The #MondayMusings blog series provides executive level insights and analysis for the Industrial Internet of Things (IIoT) and Digital Transformation...
Over the past several months I have had briefings from numerous executives touting their company’s new and updated solutions for Industrial Cyber-Security, including Bob Honor at Bedrock Automation, Susan Peterson-Sturm at Honeywell, and Ron Victor at IoTium. These companies are investing heavily to embed next-generation security capabilities into industrial networking, industrial automation, and IIoT offerings. Unfortunately, these solution providers are facing an uphill battle. Most industrial companies today are woefully behind when it comes to investing in ICS capabilities. What’s more, despite the significant adoption plans industrial companies have for the IIoT, there is a scary lack of planned adoption for ICS capabilities in the future.
In this blog post, we will examine how these market forces are creating the potential for the perfect storm in the ICS market and what industrial companies should do about it.
2017: The Year of Adoption for the IIoT
LNS Research has been helping define and tracking the IIoT market since 2014.
2015 was the year of introduction for the IIoT. Our research of over 1,000 surveyed industrial companies showed that 40% of companies at that time did not know or understand the IIoT. 2016 was the year of education, based on the hard work of analysts at LNS, along with many other voices in the marketplace, the number of companies that didn’t know or understand the IIoT dropped to 19%, while the share of companies planning to adopt the IIoT increased by ten percentage points.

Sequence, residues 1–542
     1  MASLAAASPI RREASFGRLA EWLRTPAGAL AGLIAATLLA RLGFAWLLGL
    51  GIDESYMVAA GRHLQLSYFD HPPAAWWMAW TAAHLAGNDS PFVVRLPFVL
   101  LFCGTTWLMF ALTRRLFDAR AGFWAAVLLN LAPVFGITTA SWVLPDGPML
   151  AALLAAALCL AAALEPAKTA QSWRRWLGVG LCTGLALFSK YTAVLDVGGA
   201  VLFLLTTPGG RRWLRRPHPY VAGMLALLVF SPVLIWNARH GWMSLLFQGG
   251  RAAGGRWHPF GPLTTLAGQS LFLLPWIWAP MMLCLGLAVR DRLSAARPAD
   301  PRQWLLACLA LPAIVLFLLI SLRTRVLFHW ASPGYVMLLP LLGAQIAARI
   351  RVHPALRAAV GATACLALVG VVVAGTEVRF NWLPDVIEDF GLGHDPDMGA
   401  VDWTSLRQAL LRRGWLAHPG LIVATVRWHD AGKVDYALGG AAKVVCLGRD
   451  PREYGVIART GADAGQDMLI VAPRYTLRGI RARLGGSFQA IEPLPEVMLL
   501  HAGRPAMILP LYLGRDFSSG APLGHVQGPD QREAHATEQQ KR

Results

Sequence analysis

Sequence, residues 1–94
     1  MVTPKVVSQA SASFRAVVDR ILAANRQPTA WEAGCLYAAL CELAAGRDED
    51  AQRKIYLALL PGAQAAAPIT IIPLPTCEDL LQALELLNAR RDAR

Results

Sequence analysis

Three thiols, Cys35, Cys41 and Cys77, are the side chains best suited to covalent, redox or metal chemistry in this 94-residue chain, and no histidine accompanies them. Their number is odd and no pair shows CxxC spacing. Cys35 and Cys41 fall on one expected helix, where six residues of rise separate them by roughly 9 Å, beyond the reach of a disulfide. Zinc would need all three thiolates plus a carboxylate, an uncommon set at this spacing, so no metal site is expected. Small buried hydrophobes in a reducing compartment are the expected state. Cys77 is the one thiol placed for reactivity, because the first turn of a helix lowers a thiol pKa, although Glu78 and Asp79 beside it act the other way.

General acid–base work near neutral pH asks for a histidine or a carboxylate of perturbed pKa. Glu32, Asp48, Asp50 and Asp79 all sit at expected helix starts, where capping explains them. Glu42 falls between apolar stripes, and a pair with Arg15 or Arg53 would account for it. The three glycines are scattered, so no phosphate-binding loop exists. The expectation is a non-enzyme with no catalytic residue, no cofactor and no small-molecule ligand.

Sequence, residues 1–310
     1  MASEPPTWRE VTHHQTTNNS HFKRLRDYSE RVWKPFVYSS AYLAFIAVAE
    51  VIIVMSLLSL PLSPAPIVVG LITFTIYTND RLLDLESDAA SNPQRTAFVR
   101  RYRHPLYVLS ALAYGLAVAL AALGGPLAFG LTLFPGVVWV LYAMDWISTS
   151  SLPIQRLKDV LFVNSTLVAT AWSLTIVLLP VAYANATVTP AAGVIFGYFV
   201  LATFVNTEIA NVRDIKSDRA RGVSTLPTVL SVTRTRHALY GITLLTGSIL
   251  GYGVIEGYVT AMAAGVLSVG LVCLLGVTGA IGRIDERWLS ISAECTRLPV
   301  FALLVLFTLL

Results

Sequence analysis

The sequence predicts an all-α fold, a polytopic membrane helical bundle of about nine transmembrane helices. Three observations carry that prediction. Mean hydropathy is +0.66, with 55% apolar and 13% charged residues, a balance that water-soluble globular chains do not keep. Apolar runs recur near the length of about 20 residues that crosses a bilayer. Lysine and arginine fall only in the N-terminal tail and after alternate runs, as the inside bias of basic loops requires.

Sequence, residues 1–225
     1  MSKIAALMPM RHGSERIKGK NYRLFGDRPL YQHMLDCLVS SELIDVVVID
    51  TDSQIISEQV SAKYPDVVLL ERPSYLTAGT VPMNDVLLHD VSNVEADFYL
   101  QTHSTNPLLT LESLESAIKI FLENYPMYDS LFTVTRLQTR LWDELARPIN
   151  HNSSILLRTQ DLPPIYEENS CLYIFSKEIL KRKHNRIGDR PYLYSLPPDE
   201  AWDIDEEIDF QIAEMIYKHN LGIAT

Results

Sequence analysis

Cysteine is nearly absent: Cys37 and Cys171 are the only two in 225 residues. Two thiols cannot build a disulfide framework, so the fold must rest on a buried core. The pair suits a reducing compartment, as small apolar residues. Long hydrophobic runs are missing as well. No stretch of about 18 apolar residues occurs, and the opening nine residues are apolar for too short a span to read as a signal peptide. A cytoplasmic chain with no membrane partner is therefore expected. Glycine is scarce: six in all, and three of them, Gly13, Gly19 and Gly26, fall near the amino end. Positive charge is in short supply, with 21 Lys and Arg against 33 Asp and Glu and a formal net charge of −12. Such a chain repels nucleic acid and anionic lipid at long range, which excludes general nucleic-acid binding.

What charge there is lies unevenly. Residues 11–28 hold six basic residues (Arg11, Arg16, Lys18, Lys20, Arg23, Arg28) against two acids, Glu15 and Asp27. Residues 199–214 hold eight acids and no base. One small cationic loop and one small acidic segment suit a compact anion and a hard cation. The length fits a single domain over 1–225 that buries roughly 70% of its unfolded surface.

Based on this trend, LNS Research expects that 2017 will be the year of adoption for the IIoT. We have already predicted that many of the leading industrial companies will be moving out of the planning/pilot stages this year and making enterprise commitments to deploying IIoT Platforms.
Woefully Low Current and Planned Adoption for ICS Capabilities
In our most recent survey on the IIoT, ICS was one of our main areas of examination. When we asked industrial companies what ICS technologies and best practices were currently adopted, other than Firewalls and Access Control, the adoption rate was below 25%. Even scarier, when asked what was the planned adoption by the end of 2017, there was no significant movement in these numbers.This means 75%+ of plant floors today are currently behind when it comes to adopting ICS best practices and are ill equipped to start deploying IIoT technologies or defend against a coordinated cyber-attack.
The Brewing Perfect Storm
With industrial cyber-security events like Stuxnet, Saudi Aramco, ThyssenKrupp, Unnamed German Steel Mill, and many more occurring since 2010, there will eventually be an industrial cyber-security event that changes the consciousness of society; creating a “new normal” where the above survey results become completely unacceptable.
It may be tomorrow, it may be in a year, or it may be longer; but one day we will all realize that without a robust, risk-based, approach to ICS that is bottoms-up and not bolted-on, we will not be able to ensure safety in our industrial facilities and we will lose our social license to operate.
As industrial companies move to aggressively deploy the IIoT over the coming years; if they do not take a platform approach that incorporates ICS capabilities into the very fabric of these solutions, the entire industry is at risk. If new IIoT capabilities are instead just added on to legacy automation solutions without consideration of architecture and ICS, when the brewing storm hits, most companies will not be able to respond in time to withstand without significant damage.
To learn how to be prepared for the storm and take a platform approach to the IIoT that incorporates the needed ICS capabilities.
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